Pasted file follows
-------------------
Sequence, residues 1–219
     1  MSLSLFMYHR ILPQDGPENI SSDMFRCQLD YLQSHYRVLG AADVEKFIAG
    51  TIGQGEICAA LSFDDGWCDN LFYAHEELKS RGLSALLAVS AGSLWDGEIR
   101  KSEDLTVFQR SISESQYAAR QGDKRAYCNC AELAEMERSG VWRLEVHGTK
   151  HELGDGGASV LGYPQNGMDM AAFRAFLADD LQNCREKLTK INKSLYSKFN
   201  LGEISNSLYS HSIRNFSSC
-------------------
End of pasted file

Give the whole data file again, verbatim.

Sequence, residues 1–219
     1  MSLSLFMYHR ILPQDGPENI SSDMFRCQLD YLQSHYRVLG AADVEKFIAG
    51  TIGQGEICAA LSFDDGWCDN LFYAHEELKS RGLSALLAVS AGSLWDGEIR
   101  KSEDLTVFQR SISESQYAAR QGDKRAYCNC AELAEMERSG VWRLEVHGTK
   151  HELGDGGASV LGYPQNGMDM AAFRAFLADD LQNCREKLTK INKSLYSKFN
   201  LGEISNSLYS HSIRNFSSC